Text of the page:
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George R.R. Martin, author of "A Game of Thrones", has slammed "Republicans and their Teabagger allies" in so-called swing states for what he calls "voter suppression."
In a recent blogpost on Martin's website, he refers to recent voter purges in Ohio, Pennsylvania, Florida, Iowa, saying that "The people behind these efforts at disenfranchising large groups of voters (the young, the old, the black, the brown) are not Republicans, since clearly they have scant regard for our republic or its values. They are oligarchs and racists clad in the skins of dead elephants."
Originally posted by beezzer
We can either take a reasonable approach
Take the approach the Author endorses.
Who are the haters again?
Even as we speak, Ohio Republicans and the Republican Ohio Secretary of State John Husted have created two tiers of voters in that state, those who live in Republican counties, and get EXTENDED early voting hours, and those who live in Democratic counties, and get SHORTENED early voting hours. This is just one of MANY examples of GOP voter-suppression tactics currently at work.
While the law allows the four-member county boards of election -- two Democrats and two Republicans -- to set their own hours for in-person early voting, when there is a tie, the secretary casts the deciding vote. Husted said that if called upon to break a tie, he will side with limiting voting to weekday business hours -- 8 a.m. to 5 p.m.
He's done that already in a handful of counties, including Cuyahoga, Summit, Franklin and Lucas -- Democrat-heavy areas with major Ohio cities, respectively, Cleveland, Akron, Columbus and Toledo at their core.
Meanwhile, a few Republican-dominated areas -- Warren and Butler counties in Southwest Ohio -- have voted to extend their voting hours into evenings and Saturdays.
In those counties, Republicans voted with Democrats to extend the hours, whereas Republicans in counties where Husted has broken a tie had voted against extending hours.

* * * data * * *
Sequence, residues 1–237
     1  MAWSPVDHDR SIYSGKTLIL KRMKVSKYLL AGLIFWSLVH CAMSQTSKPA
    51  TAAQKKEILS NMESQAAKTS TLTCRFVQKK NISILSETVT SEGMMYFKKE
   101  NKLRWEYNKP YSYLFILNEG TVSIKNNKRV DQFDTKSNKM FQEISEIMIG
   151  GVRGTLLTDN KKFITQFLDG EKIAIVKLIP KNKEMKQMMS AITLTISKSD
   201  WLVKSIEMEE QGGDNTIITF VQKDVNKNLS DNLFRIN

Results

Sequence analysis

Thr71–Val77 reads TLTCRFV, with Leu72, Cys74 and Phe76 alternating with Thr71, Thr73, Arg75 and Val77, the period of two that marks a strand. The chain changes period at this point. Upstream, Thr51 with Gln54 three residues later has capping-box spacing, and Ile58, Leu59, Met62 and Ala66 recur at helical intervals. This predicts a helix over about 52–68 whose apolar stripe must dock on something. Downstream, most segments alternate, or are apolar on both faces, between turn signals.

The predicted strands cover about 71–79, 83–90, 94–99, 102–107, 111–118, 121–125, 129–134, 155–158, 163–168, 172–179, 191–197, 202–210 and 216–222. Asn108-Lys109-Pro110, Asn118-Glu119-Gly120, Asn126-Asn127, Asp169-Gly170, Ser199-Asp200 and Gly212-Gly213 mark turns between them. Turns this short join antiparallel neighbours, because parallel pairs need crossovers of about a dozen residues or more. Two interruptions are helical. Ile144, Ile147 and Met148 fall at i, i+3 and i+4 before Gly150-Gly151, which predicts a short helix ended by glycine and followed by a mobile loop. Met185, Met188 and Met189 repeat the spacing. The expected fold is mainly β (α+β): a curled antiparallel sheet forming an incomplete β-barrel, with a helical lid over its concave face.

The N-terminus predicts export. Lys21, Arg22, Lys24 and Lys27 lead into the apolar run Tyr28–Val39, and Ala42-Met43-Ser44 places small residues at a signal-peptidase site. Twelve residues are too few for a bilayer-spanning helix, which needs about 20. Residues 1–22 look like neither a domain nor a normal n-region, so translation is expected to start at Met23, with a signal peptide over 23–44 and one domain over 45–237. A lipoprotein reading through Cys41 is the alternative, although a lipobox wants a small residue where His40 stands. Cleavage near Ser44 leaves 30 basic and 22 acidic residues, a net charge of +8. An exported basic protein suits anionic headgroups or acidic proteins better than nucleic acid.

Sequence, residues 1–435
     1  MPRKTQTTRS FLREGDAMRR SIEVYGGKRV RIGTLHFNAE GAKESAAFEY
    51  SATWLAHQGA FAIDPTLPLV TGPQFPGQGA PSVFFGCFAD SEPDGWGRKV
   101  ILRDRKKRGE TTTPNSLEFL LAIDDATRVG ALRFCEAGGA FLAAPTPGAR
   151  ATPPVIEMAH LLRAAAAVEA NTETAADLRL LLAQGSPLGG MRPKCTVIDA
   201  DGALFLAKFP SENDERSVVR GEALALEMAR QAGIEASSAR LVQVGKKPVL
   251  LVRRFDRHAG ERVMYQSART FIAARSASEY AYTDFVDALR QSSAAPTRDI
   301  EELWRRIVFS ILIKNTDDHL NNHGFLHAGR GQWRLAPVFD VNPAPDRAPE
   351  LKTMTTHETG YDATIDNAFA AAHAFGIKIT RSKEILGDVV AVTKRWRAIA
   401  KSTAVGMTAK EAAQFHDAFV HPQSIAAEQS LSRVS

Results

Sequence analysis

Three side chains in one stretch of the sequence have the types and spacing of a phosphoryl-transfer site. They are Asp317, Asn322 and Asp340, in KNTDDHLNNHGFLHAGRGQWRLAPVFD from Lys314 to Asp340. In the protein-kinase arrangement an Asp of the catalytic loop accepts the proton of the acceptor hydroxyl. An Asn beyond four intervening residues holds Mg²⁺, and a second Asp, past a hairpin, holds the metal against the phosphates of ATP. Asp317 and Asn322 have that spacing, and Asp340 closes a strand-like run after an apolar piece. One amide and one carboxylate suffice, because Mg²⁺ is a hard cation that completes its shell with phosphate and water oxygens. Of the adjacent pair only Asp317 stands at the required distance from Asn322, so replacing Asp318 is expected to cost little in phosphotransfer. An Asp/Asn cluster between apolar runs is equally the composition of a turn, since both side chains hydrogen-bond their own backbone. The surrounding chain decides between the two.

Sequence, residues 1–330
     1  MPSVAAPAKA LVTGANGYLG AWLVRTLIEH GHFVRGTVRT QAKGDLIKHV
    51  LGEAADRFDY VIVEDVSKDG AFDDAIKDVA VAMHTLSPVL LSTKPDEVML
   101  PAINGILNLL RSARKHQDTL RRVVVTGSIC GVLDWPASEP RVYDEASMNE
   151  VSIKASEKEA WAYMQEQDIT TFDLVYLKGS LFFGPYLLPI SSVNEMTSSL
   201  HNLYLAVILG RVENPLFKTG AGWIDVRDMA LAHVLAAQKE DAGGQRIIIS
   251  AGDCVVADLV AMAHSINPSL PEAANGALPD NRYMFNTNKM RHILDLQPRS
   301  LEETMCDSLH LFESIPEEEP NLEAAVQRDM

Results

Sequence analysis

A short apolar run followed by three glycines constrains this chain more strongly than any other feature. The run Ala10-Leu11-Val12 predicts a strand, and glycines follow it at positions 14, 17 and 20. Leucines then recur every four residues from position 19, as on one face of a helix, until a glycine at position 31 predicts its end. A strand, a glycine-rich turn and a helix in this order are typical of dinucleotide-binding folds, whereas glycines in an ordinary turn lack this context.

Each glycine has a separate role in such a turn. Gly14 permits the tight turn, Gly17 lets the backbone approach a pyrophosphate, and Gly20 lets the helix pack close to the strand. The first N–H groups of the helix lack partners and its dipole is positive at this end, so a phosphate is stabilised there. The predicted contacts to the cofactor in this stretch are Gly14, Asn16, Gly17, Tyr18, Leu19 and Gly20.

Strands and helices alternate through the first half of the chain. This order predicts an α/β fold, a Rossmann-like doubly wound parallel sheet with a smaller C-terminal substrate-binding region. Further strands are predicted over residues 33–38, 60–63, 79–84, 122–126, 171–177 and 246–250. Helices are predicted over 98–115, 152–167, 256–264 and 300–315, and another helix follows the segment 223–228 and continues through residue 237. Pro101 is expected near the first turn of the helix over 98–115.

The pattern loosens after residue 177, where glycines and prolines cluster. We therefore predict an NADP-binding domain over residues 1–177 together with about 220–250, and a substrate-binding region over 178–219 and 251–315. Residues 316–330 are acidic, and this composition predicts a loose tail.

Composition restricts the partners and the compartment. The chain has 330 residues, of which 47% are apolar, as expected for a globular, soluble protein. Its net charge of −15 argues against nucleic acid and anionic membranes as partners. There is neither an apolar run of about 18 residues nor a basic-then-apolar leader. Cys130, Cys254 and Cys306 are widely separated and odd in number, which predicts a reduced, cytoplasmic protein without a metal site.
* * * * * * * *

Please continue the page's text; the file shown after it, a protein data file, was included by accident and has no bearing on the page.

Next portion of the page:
Ohio Secretary of State Jon Husted said he is considering requiring the same set of early voting hours across the state in the run-up to the November election.
"There's nothing forthcoming and nothing in the near term as far as a directive on this matter," Husted said in an interview, "but I will be listening to local boards of elections' concerns on this issue."
Later, Husted's spokesman Matt McClellan said, "Secretary Husted will not respond to political hysteria, rather he will work with local elections officials to find a thoughtful solution."
Husted did not outline which county boards of election he would be talking to or say when he might make a decision on whether to issue a directive, other than saying he did not expect to make a decision this week.
Meanwhile, Cuyahoga County Executive Ed FitzGerald plans to hold a news conference Tuesday to ask the county board of elections to reconsider its ban on weekend early voting, now that other counties have voted to allow it. FitzGerald, a Democrat, said the county has the money in its budget to cover the extra staff.
With this being a presidential election year and Ohio again a swing state, the stakes are high and an enormous amount of attention is being focused on access to voting.